Does Pineapple Make Oral Sex Taste Better?

Anecdotal evidence and a few small studies indicate that it might

Arrangement of fresh slices of pineapple
Petegar / Getty Images

The effect that pineapple has on oral sex depends on how often you eat pineapple, the impact of other foods in your diet, your overall health, and other factors. In general, eating fruit causes bodily secretions to taste sweeter. Anecdotal evidence and a few small studies indicate that pineapple might have the biggest effect.

It's no surprise that what you eat affects the way you taste. After all, the feed given to animals affects the flavor of the meat. Therefore, it makes sense that what you eat affects how you taste, particularly your bodily secretions, including seminal and vaginal fluids.

There are a few studies on the topic and numerous blog posts sharing personal experiments. Two small studies include the pineapple sex test, conducted at, and a review of online data from the Kinsey Institute. The limited data finds that male ejaculate and female vaginal secretions are affected by pineapple. It doesn't seem to matter whether the pineapple is fresh, canned, or juiced.

The effect isn't noticeable immediately after eating a few bites of pineapple. Most respondents saw a definite effect after eating pineapple for several days. The impact relates in part to the way ​food affects mucus production and composition. Chemicals in foods you eat are found in most secretions, including perspiration and breast milk as well as semen and vaginal fluid.

Key Takeaways: Pineapple and Oral Sex

  • The foods you eat affect the taste of bodily secretions, so they can have an effect on oral sex.
  • Research indicates eating pineapple may make secretions taste sweeter.
  • Other foods also influence body chemistry, including scent and flavor.

Foods That Might Make You Taste Sweeter (or Not)

In addition to pineapple, other foods reputedly change your body chemistry enough to alter the flavor of semen and vaginal fluid. These tend to be foods high in acidity or sugars and include:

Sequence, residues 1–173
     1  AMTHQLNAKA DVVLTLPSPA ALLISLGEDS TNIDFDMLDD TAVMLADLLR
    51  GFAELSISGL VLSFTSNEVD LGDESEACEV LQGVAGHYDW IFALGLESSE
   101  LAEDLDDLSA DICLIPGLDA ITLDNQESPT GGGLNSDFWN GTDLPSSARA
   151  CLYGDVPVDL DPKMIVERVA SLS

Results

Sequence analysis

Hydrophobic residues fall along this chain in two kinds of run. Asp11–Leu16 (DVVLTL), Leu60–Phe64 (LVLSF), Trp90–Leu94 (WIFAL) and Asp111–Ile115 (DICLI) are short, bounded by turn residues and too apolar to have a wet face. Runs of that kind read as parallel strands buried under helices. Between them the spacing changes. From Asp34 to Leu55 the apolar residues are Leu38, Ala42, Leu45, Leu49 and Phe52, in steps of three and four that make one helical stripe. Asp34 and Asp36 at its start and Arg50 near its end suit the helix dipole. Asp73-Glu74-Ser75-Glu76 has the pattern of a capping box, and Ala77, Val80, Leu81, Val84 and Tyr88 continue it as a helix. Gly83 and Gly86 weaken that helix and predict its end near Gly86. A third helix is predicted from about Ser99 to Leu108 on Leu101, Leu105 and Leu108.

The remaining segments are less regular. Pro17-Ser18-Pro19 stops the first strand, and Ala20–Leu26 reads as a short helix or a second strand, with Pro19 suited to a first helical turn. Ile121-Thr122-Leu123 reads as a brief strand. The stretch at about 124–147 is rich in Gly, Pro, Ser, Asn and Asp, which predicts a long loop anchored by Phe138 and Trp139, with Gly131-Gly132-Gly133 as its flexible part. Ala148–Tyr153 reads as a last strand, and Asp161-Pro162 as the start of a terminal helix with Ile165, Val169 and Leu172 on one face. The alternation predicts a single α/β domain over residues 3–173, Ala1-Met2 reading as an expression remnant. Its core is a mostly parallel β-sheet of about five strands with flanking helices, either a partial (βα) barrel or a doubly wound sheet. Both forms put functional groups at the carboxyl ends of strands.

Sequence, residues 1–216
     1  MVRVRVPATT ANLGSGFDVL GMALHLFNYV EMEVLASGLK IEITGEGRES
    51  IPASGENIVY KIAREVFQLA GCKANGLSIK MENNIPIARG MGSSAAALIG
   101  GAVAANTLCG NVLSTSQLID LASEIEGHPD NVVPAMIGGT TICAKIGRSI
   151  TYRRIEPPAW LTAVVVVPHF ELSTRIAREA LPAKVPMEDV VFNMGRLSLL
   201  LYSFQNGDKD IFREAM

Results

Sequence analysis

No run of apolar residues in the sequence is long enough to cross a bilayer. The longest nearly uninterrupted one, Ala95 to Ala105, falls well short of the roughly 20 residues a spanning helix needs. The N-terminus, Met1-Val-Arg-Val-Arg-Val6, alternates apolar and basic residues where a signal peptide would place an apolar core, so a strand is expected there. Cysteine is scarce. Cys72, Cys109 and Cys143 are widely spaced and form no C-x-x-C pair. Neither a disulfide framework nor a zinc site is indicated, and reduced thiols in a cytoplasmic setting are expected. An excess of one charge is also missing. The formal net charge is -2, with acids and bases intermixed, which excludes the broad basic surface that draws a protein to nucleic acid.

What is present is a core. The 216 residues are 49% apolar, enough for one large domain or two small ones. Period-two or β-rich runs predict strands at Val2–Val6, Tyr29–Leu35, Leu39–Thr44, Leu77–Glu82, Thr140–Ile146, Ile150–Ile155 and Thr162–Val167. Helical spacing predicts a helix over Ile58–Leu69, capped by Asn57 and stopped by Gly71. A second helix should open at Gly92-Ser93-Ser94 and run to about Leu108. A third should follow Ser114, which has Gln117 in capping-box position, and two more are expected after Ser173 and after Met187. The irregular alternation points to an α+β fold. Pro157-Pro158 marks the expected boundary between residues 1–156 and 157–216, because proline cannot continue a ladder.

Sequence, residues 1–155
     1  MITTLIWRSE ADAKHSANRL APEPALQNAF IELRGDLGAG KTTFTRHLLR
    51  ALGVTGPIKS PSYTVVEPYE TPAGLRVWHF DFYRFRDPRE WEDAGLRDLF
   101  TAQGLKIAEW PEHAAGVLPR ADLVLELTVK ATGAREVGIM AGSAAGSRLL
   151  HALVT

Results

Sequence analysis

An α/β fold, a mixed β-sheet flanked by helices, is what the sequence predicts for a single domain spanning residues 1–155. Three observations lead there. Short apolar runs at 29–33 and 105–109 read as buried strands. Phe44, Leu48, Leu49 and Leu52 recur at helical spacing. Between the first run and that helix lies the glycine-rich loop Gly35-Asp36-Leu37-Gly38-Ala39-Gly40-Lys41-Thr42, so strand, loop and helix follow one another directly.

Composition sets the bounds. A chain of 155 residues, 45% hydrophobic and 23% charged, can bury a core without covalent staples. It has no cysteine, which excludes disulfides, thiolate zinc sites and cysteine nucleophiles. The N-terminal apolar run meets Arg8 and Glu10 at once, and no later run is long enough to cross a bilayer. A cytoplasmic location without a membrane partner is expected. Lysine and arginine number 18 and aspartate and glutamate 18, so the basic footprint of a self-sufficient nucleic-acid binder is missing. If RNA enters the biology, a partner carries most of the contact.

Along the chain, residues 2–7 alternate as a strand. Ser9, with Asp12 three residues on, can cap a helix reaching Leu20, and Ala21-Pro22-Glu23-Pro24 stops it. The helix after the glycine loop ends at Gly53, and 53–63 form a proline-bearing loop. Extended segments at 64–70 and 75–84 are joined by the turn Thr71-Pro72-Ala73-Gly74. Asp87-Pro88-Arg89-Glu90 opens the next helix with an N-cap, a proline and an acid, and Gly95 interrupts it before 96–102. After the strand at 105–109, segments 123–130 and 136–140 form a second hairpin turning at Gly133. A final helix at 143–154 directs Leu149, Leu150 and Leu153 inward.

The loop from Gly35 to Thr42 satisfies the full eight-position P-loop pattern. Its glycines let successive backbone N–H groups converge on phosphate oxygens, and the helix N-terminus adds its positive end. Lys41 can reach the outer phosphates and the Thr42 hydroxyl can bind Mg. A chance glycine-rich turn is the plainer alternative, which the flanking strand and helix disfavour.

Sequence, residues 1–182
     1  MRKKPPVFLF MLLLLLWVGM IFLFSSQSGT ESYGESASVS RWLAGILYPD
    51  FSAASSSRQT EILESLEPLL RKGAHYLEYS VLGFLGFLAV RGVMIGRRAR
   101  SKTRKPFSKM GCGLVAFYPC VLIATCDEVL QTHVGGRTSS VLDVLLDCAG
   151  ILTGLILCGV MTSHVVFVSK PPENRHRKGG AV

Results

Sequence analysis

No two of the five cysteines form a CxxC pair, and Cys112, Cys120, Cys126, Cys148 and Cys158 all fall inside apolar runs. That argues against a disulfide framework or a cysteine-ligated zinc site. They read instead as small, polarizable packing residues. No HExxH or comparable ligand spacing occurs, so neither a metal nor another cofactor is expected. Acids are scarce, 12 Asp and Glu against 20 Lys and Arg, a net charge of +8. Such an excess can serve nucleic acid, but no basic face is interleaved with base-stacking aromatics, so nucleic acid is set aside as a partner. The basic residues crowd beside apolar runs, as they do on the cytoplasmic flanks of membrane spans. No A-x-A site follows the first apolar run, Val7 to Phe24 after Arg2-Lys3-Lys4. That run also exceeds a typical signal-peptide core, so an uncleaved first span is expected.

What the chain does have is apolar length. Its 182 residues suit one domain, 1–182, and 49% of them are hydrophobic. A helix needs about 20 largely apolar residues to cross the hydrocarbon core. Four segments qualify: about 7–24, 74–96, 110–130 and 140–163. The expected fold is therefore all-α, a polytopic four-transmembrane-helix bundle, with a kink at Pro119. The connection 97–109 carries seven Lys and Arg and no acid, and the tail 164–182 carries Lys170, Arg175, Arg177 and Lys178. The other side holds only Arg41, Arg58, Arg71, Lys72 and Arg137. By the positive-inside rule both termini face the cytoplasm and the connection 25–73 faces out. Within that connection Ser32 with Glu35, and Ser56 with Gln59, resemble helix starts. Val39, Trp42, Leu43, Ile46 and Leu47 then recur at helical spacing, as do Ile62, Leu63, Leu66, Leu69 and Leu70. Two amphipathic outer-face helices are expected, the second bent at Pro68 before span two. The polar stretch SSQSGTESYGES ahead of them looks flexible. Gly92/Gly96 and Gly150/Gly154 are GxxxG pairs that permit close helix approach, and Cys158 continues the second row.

• Water
  • Liqueurs (but not so much alcohol as to cause dehydration)
  • Pineapple
  • Dried fruit
  • Fresh berries
  • Kiwi

Foods high in chlorophyll (wheatgrass, celery, parsley) got mixed reviews. Several websites recommended them, but they didn't cite their sources, and none of the bloggers who tested them detected much effect. Another key factor is your hydration level. 

Just as some foods might make you taste better, others might have a negative impact, increasing bitterness. You and your partner might wish to limit:

  • Smoking
  • Coffee
  • Broccoli, cauliflower, asparagus, and other Brassica sp.
  • High levels of preservatives in foods
  • Certain drugs (specifics were not given)
  • Onions, garlic, and other Allium sp. (believed to be related to sulfur compounds)

There were mixed reviews concerning fish, red meat, dairy, and beer. Anecdotally, it would appear that eating meat is not a negative factor, as long as a person's diet regularly includes fresh fruits and vegetables.

Foods That Affect How You Perceive Flavor

Your perception of flavor relies on chemoreceptors. Compounds in the foods you eat not only affect your secretions and chemical composition but your ability to taste chemicals.

The enzyme bromelain in pineapples is a protease that literally dissolves proteins in your mouth, causing a prickly sensation and limiting your ability to perceive flavors.

The "miracle berry" (Synsepalum dulcificum) makes sour foods taste sweet. The berry contains a glycoprotein named miraculin that binds to receptors on taste buds. Sour foods are acidic, so they lower the pH inside the mouth. At low pH, miraculin activates sweet receptors. The effect lasts until saliva rinses away the protein, which takes about half an hour.

Sodium lauryl ether sulfate and sodium lauryl sulfate are surfactants in toothpaste that lower surface tension of fluid inside your mouth. This is great when you're brushing away bacteria, but the surfactants also wash away phospholipids that coat your tongue. The result explains why orange juice tastes vile if you drink it right after brushing your teeth. Incidentally, you'd get the same effect if you washed your mouth out with soap containing these common ingredients.

Artichoke, on the other hand, makes food taste sweeter. This results from a chemical reaction with the cynarine and chlorogenic acid in the plant. Cynarine inhibits your ability to taste sweet flavors, but the chemical is displaced by the next food you eat, automatically making it taste sweet.

If you want to conduct your own experiment, review the scientific method and do it right!